• campbellmaffett

02. The 3 rules for training success

Life seems to be dominated by rules...do this; don't do that; blah, blah, blah. But here are 3 simple rules for achieving success in your training, in any sport or activity. And if your training is successful then there is a great chance that you'll achieve your goals, too. So here are the rules that you should remember:

  1. Don’t get sick.

  2. Don’t get injured.

  3. Don’t break rule 1 or 2.


At face value these would seem basic, but the nuances in what they are saying is where the real value is.


Don't get sick

In the current times this rule is even more important, but how do you avoid getting sick? Follow the guidelines for avoiding coronvirus...germs are your enemy. Wash your hands. Avoid sick people (harder when you have children at child care / kinder / school). Be fit and healthy. Just be careful...within reason. There is no guarantees in avoiding sickness, but there are measures to follow which give you a better chance.

Don't get injured

Most injuries are not by chance. Most injuries are the result of training mistakes, in particular, exceeding your body's threshold for how much loading it can tolerate over a period of time. Things like doing too much, too soon, before giving your body time to adapt. Running, especially, has a long period of adaptation. Fitness, along with the associated benefits of durability and resilience, takes time...and is cumulative. That is, the training you do this week / month prepares you for the training you will be able to do next week / month (adaptations usually occur over a 4-6 week period). Similarly, fatigue, along with the associated wear and tear effects, is cumulative until / unless you adapt to them. Remember that stress is stress, from whatever source it comes from...physical, emotional, or otherwise. Physical load from running or other activity may also uncover some pre-existing issue you have, so think holistically, eg, a weak back or glutes from a desk-bound job can become an issue when you add activity, even from something like lifting a (new) child repeatedly.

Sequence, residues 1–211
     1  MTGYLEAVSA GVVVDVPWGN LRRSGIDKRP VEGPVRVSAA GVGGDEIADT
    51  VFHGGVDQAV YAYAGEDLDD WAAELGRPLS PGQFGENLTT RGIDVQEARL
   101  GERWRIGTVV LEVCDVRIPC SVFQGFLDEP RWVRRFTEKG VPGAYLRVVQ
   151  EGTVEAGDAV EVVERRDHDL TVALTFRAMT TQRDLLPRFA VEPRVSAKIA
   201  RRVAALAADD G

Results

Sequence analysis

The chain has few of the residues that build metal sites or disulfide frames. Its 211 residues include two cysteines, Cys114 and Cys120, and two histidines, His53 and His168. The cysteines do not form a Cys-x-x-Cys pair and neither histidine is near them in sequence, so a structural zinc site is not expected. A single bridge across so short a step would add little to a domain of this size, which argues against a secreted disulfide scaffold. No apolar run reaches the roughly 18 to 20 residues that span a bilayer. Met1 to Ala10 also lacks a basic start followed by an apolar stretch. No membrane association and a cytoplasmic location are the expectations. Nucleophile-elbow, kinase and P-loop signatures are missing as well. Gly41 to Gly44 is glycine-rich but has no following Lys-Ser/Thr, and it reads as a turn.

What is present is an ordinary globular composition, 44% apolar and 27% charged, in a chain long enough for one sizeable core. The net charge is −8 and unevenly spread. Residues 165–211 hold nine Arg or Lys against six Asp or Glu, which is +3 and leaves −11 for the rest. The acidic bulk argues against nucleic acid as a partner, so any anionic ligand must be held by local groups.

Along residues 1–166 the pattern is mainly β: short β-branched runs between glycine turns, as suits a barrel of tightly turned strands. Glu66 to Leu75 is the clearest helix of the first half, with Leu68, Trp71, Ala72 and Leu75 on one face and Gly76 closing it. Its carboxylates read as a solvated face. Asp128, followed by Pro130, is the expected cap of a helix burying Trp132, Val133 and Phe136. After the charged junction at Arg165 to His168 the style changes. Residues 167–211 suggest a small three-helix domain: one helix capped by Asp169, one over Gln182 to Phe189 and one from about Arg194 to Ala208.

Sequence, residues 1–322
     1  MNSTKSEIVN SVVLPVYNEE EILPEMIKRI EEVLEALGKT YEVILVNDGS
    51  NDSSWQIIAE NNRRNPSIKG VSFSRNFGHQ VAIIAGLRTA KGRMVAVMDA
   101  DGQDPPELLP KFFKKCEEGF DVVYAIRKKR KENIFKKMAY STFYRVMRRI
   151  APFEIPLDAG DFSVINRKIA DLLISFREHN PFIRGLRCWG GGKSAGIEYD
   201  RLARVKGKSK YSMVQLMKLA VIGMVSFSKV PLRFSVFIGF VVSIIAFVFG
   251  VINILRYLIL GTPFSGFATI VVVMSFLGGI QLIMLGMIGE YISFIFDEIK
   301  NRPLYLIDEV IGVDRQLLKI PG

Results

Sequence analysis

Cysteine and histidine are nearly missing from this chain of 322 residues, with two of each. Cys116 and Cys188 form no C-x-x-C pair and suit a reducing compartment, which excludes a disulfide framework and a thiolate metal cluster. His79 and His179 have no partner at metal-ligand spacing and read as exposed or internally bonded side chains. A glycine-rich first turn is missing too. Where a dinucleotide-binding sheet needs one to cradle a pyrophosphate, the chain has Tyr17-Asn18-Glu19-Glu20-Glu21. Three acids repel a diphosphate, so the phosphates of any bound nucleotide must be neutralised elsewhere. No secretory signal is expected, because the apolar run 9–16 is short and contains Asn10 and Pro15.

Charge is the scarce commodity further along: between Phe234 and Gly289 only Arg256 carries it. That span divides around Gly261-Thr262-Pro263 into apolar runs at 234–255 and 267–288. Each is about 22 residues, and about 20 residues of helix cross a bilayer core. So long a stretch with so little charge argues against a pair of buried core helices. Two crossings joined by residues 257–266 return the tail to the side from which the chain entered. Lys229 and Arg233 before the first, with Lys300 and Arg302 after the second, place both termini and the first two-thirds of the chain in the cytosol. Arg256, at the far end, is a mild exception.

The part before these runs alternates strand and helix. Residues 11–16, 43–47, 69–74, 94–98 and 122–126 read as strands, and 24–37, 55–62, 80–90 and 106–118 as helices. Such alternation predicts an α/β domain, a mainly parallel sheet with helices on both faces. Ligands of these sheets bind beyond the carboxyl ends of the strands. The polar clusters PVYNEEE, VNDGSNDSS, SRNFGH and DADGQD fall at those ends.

So avoiding injury is a case of being careful and measured in how you balance out your training load...and when a third -party (ie, coach) can help to give you an objective assessment of your training routine. And most important is listening to your body, and the messages it gives you. Most injuries are avoidable...so do your best to avoid the avoidable.

Don't break rule 1 or 2

This is a reminder that these things require ongoing vigilance for as long as you are activtie, whether that is in sport or just living. In many ways, sports are just an extension of living, so treat yourself like you are an athlete (of sorts) to ensure that you live to enjoy a long-term involvement and participation in whatever it is you choose to do, and you'll give yourself a better chance of achieving your goals.

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